It’s important to note that it’s space itself that is expanding, so it doesn’t violate relativity, which prohibits only mass/energy from moving through space faster than light. But, despite that, now it seems that even this may have its own horizon problem. So some physicists have proposed that the speed of light was much faster in the past, which would allow the ‘horizon’ to be much further away and thus accommodate the universe’s thermal equilibrium.5

    This is ironic, because creationists have been disparaged for suggesting the speed of light may have been faster in the past, with accusations that they don’t understand relativity. Apparently, it is now acceptable to promote a ‘scientific heresy’ if used to support evolutionary scenarios;6,7 and for that matter, to explain fine structure constant changes.8,9

    It’s also notable that Guth’s original hypothesis was proven false,10 and modern inflationary cosmologies have since modified his original proposal. Also, there is no satisfactory physical mechanism for starting inflation, as opposed to playing with mathematical equations. Nor is there a mechanism for halting the inflation, which is known as the ‘graceful exit problem’.11

  • Under “We live in a galactocentric universe” it says that according to the big bang theory, “the universe was neither a centre nor an edge.” This is news to me. I thought that this theory in contrary indeed predicts that the universe is finite, with a supposed diameter of 28 billion light years although the age is supposedly currently “only” 13 billion years…
  • This is a misunderstanding. From my book Refuting Compromise, ch. 5:

    Philosophical assumption: the cosmological principle

    It is important to note that while the first assumption is scientific, and one which creationists should have no quarrel with, the second (sometimes misnamed the ‘Copernican Principle’) is completely philosophical. This is illustrated by none other than the famous lawyer-turned-cosmologist Edwin Hubble (1889–1953), who discovered that distant objects had red shifts approximately proportional to distance from us, which he interpreted as evidence of an expanding universe. He made a revealing admission in 1937:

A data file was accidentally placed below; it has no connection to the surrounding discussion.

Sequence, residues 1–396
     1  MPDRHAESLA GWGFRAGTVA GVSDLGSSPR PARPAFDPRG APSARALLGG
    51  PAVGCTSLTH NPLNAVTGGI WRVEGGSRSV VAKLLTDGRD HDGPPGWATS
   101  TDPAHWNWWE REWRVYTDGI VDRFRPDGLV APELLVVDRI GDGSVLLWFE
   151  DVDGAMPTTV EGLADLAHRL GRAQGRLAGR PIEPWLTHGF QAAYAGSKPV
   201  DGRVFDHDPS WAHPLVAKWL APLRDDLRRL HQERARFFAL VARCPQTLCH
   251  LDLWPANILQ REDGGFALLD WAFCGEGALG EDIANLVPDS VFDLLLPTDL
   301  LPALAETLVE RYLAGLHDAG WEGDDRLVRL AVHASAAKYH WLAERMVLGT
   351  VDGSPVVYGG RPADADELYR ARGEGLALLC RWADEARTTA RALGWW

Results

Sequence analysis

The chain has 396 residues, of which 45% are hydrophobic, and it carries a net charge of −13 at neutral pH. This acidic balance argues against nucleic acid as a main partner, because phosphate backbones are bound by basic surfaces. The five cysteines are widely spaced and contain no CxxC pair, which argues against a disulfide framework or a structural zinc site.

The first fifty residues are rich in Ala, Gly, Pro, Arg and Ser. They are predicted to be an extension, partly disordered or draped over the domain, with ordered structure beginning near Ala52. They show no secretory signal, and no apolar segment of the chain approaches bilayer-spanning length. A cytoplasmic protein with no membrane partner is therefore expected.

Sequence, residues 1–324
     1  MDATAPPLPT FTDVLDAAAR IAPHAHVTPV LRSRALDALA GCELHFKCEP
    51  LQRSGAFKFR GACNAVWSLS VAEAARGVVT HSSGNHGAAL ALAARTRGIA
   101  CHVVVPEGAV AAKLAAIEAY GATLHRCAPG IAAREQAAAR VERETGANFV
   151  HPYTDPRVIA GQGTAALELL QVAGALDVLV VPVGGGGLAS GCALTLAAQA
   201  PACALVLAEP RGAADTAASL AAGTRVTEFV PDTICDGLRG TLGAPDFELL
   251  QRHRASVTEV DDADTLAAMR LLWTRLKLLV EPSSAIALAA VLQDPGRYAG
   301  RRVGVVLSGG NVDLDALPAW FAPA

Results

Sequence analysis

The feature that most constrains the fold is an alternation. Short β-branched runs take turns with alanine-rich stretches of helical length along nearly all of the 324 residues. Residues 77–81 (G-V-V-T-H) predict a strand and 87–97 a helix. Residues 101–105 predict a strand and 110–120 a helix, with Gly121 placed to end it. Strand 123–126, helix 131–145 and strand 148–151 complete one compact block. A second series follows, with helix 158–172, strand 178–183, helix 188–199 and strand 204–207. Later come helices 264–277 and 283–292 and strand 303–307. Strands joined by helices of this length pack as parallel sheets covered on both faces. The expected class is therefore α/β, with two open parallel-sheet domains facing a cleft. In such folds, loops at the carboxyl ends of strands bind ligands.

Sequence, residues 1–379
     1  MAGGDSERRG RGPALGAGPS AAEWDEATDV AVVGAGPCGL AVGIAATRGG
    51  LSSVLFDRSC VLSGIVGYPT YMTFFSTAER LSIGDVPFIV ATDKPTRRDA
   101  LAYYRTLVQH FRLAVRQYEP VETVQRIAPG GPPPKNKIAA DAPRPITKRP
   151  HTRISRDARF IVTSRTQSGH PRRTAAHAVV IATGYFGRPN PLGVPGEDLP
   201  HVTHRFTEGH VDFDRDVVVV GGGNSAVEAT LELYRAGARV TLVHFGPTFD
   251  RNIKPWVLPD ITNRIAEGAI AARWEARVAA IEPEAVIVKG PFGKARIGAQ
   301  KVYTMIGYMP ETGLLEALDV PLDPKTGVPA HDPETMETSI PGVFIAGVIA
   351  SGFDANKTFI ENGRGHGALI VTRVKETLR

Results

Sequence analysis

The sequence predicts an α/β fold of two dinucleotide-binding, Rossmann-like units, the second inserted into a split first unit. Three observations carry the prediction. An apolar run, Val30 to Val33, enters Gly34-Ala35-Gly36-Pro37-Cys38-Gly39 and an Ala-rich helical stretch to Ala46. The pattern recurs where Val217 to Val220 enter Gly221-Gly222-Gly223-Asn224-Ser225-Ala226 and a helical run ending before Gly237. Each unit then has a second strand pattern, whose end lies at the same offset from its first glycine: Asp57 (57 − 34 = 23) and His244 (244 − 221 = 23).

‘Such a condition [these red shifts] would imply that we occupy a unique position in the universe, … But the unwelcome supposition of a favored location must be avoided at all costs … is intolerable … moreover, it represents a discrepancy with the theory because the theory postulates homogeneity.’12

    This is from his book titled The Observational Approach to Cosmology, ironic because this statement has nothing to do with observation! But there is no scientific or biblical reason why Christians should accept this assumption. The popular view of the big bang, which Ross seems to foster, pictures everything exploding from a central point in a universe bounded by an edge. As shown by Hubble and the EB, this is a totally misleading picture―the big bang posits a universe without a centre and without an edge (unbounded).

    Another famous physicist, Richard Feynman (1918–1988), who won a third share of the 1965 Nobel Prize in Physics for his work on quantum electrodynamics, also admitted that the cosmological principle is based on ‘prejudice’:

    ‘ … I suspect that the assumption of uniformity of the universe reflects a prejudice born of a sequence of overthrows of geocentric ideas. … It would be embarrassing to find, after stating that we live in an ordinary planet about an ordinary star in an ordinary galaxy, that our place in the universe is extraordinary … . To avoid embarrassment we cling to the hypothesis of uniformity.’13

    George Francis Rayner Ellis is a high profile cosmologist who has co-authored papers with ‘big bang’ guru Stephen Hawking (b. 1942). In a profile in Scientific American, he honestly admitted the role of philosophical assumptions:

    ‘“People need to be aware that there is a range of models that could explain the observations,” Ellis argues. “For instance, I can construct you a spherically symmetrical universe with Earth at its center, and you cannot disprove it based on observations.” Ellis has published a paper on this. “You can only exclude it on philosophical grounds. In my view there is absolutely nothing wrong in that. What I want to bring into the open is the fact that we are using philosophical criteria in choosing our models. A lot of cosmology tries to hide that.”’14

    What big bang theorists really believe